German family-owned businesses still male and conservative | Business | Economy and finance news from a German perspective | DW | 10.06.2020

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German family-owned businesses still male and conservative

Family-owned companies like Aldi, Würth and Haribo are often described as the backbone of the German economy. But gender equality and diversity appear to be weak spots in their dynastic business cultures.

Nicola Leibinger-Kammüller (pictured above) is a notable exception to the rule. The CEO of German machine-building and laser-manufacturing company Trumpf is one of a mere handful of female top-level executives in the country's family-owned businesses sector.

Only 7% of senior management positions in the 100 biggest firms held by German families are women, a new survey released on Wednesday by the German-Swedish AllBright Foundation has found. 

Often founded more than a hundred years ago, those businesses maintain "a leadership culture that appears as old as the companies themselves," the foundation says in a report titled: Die deutschen Familienunternehmen: Traditionsreich und Frauenarm (German family-owned businesses — rich in tradition and lacking women).

AllBright Foundation is a politically independent nonprofit organization with headquarters in Stockholm and Berlin. The foundation works to "promote more women and diversity in executive business positions."

Focusing on equal career opportunities and better company results by diverse and modern management teams, the organization finds that much of this is wanting in those businesses in Germany.

Extremely homogeneous at the top level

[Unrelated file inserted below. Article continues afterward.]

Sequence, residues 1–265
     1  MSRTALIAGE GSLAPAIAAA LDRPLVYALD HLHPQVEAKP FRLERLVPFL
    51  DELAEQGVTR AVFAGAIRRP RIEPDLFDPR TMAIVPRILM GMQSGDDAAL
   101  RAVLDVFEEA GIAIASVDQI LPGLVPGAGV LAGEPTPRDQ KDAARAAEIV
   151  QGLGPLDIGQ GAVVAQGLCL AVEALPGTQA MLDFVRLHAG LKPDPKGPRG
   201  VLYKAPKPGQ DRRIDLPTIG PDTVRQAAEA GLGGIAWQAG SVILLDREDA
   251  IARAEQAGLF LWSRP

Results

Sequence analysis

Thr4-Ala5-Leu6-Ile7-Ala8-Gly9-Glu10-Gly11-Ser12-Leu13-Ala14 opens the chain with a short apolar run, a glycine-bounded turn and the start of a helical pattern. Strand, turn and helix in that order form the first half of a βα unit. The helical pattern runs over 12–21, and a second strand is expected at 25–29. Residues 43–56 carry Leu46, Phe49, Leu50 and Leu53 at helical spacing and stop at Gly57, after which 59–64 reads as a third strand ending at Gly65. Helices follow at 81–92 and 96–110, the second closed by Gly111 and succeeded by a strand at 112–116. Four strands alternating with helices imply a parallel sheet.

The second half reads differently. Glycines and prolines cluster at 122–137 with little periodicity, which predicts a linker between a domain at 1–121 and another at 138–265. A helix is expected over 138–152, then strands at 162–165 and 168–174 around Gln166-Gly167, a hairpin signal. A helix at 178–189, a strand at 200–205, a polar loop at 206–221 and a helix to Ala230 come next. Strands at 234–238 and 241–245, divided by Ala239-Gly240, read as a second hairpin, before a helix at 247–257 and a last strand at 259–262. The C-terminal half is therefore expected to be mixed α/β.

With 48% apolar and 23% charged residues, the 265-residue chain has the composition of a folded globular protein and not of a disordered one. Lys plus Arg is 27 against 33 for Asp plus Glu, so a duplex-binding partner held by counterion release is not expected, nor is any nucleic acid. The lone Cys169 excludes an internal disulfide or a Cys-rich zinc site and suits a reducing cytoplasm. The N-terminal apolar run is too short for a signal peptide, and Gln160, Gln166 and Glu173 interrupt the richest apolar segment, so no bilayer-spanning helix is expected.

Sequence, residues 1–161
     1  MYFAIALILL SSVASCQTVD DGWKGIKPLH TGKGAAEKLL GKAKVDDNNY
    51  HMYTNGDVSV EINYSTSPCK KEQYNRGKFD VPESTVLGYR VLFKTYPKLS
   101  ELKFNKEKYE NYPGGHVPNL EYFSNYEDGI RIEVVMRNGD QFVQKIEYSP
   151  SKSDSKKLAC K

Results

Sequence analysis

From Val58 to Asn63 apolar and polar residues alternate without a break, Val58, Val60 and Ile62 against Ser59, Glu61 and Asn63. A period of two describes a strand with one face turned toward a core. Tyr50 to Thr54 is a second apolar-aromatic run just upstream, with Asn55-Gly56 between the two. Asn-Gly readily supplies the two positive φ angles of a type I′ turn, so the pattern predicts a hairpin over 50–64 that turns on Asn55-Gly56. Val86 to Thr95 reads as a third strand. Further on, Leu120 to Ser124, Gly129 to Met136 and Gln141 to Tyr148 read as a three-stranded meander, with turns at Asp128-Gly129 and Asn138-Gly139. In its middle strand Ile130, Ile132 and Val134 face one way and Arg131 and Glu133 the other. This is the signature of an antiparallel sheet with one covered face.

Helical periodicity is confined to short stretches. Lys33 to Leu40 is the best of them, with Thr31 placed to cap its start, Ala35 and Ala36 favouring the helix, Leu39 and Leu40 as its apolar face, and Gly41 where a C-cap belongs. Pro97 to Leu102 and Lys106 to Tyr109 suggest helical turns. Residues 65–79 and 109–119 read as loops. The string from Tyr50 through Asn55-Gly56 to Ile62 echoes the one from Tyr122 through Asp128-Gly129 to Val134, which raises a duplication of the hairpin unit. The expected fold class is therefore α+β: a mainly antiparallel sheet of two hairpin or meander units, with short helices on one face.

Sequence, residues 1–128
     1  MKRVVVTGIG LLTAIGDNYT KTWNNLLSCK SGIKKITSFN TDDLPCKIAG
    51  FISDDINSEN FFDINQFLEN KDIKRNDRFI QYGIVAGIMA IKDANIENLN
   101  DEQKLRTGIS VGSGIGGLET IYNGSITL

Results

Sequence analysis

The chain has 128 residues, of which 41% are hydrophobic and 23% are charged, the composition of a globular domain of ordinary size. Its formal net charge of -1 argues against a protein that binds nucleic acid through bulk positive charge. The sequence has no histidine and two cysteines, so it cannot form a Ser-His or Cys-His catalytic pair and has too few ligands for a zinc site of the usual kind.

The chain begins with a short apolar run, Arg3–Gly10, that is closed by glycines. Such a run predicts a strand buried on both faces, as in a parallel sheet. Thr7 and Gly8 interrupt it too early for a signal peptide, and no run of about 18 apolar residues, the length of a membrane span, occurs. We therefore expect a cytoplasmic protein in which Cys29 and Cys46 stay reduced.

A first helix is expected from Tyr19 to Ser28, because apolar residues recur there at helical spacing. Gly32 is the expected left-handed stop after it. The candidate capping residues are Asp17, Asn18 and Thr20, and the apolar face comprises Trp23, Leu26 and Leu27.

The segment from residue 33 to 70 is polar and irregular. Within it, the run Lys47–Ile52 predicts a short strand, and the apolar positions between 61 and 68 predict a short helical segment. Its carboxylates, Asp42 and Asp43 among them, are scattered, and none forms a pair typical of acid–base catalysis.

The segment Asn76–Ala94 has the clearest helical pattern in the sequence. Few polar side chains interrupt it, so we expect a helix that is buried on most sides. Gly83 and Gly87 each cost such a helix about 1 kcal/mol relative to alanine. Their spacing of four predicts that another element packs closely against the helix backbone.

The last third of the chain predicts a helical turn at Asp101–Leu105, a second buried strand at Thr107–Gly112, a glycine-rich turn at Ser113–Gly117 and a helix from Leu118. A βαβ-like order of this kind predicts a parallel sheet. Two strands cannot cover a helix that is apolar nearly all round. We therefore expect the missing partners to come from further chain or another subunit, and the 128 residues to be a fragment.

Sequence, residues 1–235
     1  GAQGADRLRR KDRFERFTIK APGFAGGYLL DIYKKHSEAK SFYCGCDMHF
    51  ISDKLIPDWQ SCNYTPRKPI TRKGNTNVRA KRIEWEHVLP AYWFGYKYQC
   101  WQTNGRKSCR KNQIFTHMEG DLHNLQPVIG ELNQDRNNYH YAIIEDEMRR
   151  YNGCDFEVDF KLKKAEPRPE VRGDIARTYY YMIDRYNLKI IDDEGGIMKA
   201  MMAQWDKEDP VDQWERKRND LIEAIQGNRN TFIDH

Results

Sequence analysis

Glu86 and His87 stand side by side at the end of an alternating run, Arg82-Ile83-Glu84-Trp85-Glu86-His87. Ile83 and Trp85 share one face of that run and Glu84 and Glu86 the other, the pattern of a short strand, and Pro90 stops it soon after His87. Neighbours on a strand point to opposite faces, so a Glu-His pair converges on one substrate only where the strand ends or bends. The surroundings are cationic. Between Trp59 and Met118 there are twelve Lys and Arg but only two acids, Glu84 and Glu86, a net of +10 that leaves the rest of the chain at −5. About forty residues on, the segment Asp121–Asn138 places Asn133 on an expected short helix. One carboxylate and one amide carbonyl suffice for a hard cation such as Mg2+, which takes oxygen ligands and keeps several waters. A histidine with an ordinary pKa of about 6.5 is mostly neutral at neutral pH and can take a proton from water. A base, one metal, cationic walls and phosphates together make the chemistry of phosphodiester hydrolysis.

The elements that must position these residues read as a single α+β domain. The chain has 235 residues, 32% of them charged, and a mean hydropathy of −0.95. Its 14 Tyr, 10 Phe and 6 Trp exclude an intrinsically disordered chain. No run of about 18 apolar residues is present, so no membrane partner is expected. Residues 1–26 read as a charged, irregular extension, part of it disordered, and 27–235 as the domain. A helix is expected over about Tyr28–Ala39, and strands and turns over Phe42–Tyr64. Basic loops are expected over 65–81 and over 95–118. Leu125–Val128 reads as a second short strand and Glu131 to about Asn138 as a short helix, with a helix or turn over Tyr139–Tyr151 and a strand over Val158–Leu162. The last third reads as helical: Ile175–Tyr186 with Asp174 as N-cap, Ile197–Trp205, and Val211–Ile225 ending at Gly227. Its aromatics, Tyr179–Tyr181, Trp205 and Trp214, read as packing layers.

Hardly any of the German family-owned firms are still run by the traditional family patriarch who wants to keep control and sometimes shows a personal bias against female executives. Operational business, in most cases, is managed by hired executives or family members who rely on professional advice from outside.

But while the companies’ leadership structures may be different, the group of people managing those firms at the very top seems to be homogeneous and the same everywhere: male, German and advanced in age. They've often landed their jobs through private and exclusive networks in which women are traditionally less visible.

Man in front of monitor

Male heads of family-run businesses are still pretty much the rule in Germany, and the situation looks unlikely to change very fast

Conventions seem to be dominating executive job hiring in the sector, the AllBright report says, as only 3% of the current CEOs in the Top 100 of German family-owned businesses are women. Among them are the aforementioned Leibinger-Kammüller and Anna Maria Braun of medical equipment manufacturer B. Braun Melsungen — the only two executives hailing from the families of owners.

AllBright Foundation has called this hiring continuity "negative for companies," but noted that some family owners were realizing the downsides and considering more female applicants in hiring for top jobs

Women: Powerless in business affairs

In publicly-listed corporations, chief executives are routinely picked by executive and supervisory boards. That's not so easy in family-owned businesses where decision-making is more complex. There, a group of proprietors is often involved and the family-owner wields special rights and informal influence.

Those proprietary boards, too, are mainly made up of male members, AllBright Foundation has found, with only 36 women sitting on them in all of the 100 biggest family businesses. That's because the owners often chose men over women to represent their interests in the key decision-making bodies. 

Small wonder that companies with a stronger representation of women on their boards have more female executives in their managements, AllBright says.

More innovation, better management — the female link

Reinhold von Eben-Worlee, president of the influential association of family-owned businesses (Die Familienunternehmer), says the AllBright report's facts and figures "speak volumes" about the lack of gender equality in the sector.

"In essence: The competence of women in management is still being underrated in German firms," he wrote in the annex of the report.
Eben-Worlee's view is underscored by the report's authors, who conclude: "Diverse makeups of leadership teams are improving innovation and are finally making better decisions."

The quest to find the right manager